Further to my previous post Very simple limits question to clarify my understanding , here's a related question. Let $f(x)=\sqrt x,x\geq 0$. What is the limit of $f$ as $x$ tends to $0$?
I think the answer is $0$, but my textbook claims that the limit doesn't exist because $f$ is not defined on any punctured neighbourhood of $0$, ie. $f$ doesn't have a left-sided limit. But since f is undefined on the negative reals, would you say that $f$'s limit at $0$ is $0$ (and not require a left limit in this case), or would you say that $f$'s limit at $0$ is non-existent (because it has no left-sided limit)?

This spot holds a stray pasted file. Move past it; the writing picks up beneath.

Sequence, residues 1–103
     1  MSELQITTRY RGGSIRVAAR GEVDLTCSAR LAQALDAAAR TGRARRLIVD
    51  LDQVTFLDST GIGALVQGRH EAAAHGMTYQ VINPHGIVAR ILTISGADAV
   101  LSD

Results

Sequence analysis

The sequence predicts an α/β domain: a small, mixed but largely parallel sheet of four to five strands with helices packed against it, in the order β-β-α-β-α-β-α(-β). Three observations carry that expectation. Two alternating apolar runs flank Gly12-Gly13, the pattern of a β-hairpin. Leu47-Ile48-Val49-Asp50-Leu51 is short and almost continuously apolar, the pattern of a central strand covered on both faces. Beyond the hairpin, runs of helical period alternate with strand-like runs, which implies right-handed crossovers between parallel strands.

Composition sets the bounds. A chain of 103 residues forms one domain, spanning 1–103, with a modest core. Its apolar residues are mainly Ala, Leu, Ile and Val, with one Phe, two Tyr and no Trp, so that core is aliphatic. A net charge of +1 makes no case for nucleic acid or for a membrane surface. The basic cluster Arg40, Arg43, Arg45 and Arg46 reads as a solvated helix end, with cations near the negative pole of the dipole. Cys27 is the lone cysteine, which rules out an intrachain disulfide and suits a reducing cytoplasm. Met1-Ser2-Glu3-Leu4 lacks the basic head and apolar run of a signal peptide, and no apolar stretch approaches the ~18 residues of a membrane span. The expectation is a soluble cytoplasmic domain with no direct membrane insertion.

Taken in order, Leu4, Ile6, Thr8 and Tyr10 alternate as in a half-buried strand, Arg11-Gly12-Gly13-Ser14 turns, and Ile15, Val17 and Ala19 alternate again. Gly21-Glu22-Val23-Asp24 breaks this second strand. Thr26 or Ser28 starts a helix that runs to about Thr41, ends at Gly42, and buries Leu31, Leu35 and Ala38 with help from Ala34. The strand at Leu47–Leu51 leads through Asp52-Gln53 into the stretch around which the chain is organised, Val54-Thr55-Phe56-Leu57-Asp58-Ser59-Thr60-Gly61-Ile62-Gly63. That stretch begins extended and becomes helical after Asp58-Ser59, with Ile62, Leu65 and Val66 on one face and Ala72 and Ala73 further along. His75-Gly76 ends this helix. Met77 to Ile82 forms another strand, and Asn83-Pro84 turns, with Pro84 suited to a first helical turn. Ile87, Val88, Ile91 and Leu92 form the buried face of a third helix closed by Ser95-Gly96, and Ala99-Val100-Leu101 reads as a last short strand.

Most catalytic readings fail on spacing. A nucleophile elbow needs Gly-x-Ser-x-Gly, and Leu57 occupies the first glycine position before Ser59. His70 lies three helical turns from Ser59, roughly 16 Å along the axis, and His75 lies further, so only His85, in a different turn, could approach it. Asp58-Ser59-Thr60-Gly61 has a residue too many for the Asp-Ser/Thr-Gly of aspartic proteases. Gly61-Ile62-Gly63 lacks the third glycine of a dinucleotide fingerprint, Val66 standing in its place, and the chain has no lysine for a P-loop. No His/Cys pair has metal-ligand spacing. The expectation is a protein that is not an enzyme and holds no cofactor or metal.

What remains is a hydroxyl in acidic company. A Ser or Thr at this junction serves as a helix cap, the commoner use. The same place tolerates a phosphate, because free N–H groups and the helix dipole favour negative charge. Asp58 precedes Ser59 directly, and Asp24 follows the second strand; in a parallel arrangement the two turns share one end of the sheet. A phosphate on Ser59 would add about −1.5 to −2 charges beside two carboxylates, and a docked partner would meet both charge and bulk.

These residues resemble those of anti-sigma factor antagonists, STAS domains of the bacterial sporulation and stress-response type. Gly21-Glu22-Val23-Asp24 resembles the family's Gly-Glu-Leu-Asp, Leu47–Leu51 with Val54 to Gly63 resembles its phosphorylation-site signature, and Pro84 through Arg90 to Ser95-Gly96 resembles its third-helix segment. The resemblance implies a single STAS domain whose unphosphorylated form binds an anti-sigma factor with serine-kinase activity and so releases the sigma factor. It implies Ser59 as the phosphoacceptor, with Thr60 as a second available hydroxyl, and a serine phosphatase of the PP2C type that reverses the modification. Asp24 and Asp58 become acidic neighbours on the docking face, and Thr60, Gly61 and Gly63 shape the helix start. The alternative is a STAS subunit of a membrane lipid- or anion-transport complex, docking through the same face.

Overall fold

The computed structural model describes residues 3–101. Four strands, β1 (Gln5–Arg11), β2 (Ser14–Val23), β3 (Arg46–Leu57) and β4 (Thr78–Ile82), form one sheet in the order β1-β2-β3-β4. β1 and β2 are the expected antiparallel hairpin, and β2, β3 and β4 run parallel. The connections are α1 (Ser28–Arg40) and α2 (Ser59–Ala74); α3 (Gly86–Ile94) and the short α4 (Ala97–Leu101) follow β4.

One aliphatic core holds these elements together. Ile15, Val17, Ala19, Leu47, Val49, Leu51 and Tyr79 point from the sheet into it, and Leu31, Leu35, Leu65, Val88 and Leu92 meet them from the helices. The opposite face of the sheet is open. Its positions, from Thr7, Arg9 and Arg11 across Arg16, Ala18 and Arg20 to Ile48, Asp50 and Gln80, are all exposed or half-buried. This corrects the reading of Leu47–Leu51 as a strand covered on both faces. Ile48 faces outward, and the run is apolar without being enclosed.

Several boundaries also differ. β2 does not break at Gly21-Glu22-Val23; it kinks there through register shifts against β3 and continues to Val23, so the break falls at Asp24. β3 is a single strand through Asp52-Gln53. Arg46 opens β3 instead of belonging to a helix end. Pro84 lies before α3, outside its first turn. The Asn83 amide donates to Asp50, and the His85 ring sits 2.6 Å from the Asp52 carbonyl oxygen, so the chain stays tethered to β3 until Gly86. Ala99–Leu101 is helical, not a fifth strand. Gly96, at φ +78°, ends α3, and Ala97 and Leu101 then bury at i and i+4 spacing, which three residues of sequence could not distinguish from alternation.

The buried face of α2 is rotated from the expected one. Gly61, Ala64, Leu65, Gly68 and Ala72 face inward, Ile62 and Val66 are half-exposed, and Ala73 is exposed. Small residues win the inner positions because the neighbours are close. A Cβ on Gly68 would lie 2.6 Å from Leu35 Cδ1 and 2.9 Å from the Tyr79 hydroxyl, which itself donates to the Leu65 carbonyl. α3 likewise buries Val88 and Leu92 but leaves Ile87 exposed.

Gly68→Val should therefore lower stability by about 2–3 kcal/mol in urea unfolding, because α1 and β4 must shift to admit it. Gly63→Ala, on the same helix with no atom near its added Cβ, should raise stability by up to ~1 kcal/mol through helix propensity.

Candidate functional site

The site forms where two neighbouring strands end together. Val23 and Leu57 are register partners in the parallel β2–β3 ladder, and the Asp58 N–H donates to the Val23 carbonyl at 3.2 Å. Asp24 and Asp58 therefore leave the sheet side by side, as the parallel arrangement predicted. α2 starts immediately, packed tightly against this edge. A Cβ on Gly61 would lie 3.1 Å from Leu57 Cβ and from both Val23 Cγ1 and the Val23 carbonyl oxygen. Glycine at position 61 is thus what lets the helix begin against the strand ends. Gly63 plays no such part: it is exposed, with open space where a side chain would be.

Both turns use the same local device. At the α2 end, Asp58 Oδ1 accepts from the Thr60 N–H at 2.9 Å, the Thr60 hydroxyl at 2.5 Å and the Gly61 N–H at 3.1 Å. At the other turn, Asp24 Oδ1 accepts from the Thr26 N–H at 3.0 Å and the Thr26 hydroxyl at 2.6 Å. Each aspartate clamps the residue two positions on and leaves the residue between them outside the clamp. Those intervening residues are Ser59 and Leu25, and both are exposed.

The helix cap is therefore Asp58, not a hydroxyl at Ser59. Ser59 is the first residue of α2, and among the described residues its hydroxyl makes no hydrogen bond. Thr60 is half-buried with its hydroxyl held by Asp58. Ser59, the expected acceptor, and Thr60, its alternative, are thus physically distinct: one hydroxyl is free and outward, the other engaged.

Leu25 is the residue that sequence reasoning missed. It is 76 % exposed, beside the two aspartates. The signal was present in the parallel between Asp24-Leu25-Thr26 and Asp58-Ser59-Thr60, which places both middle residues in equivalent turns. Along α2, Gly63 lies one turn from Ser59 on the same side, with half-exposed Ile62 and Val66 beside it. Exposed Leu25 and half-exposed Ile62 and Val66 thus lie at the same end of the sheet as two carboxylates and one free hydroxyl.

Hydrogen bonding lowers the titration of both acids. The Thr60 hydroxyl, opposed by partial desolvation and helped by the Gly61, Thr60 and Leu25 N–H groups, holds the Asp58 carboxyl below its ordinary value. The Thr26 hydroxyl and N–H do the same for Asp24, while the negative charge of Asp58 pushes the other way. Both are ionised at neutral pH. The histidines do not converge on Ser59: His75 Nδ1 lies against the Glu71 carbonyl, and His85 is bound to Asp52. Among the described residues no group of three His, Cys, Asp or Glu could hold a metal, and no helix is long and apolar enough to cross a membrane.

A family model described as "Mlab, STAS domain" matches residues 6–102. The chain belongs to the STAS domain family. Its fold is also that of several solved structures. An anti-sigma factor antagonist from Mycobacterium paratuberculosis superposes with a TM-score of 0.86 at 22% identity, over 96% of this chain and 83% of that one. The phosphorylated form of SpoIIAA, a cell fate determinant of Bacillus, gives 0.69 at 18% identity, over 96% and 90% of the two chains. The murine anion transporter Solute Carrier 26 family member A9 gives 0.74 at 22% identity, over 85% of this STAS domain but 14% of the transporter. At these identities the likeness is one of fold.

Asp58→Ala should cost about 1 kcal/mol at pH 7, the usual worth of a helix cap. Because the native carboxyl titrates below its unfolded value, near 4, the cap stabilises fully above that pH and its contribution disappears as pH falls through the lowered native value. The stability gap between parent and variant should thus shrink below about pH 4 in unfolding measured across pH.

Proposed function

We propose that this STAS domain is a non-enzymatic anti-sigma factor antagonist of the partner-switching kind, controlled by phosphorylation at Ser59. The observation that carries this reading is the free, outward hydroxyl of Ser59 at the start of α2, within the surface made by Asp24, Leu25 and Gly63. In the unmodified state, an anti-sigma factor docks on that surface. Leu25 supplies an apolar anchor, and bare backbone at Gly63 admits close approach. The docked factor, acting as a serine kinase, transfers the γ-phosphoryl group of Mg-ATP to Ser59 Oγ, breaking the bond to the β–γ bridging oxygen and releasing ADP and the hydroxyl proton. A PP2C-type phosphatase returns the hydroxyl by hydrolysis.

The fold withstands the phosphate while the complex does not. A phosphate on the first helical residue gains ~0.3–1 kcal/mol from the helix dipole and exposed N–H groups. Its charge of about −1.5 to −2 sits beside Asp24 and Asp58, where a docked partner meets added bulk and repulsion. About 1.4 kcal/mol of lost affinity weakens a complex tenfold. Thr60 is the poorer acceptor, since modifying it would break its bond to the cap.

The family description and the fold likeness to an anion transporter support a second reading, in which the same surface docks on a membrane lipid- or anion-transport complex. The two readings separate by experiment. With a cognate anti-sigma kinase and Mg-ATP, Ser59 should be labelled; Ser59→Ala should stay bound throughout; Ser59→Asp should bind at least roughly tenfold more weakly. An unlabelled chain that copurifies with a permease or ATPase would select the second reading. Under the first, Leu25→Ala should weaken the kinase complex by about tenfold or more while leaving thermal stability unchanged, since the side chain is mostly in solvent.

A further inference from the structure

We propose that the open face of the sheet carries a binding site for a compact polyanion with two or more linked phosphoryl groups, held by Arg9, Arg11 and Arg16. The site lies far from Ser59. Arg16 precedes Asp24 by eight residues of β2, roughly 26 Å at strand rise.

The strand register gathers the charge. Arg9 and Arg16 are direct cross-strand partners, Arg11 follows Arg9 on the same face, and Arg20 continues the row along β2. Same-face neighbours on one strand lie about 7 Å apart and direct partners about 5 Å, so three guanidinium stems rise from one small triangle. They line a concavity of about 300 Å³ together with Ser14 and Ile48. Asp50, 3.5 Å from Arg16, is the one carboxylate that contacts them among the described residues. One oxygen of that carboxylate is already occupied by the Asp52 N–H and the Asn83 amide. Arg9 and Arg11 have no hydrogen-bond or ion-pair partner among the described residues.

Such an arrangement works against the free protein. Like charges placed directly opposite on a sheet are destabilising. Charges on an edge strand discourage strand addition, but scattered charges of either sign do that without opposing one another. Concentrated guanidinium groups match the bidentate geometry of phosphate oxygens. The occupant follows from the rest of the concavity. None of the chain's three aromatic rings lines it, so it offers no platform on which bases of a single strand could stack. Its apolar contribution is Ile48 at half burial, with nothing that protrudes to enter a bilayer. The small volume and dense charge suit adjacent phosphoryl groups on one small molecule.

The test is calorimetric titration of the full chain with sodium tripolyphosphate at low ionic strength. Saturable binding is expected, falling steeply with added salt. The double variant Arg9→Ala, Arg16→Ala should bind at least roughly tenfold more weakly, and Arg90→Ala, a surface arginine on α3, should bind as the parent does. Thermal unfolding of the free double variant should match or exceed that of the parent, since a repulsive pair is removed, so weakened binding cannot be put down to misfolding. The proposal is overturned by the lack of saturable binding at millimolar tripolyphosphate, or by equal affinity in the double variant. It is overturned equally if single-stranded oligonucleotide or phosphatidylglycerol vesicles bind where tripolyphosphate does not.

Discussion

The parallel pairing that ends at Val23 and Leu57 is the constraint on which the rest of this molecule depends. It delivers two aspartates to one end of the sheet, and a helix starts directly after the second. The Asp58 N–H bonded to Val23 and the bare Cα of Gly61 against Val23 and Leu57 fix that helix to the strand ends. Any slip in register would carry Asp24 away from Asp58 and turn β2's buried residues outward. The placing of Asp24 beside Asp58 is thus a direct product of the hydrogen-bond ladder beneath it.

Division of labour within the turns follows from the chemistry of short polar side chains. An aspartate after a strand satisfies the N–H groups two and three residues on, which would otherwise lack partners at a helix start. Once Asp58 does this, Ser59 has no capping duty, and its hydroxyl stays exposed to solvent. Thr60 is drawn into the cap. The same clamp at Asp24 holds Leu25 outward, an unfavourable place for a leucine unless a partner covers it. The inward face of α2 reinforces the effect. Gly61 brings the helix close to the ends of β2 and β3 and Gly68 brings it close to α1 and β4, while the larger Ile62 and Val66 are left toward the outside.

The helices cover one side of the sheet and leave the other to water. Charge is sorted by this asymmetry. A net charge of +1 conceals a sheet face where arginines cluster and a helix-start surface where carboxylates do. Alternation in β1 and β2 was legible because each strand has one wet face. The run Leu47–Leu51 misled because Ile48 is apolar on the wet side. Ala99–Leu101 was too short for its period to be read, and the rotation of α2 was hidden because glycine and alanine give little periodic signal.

ps. It's at Example 2c if you type in page 184 in the box on http://www.scribd.com/doc/74564079/Mathematical-Analysis.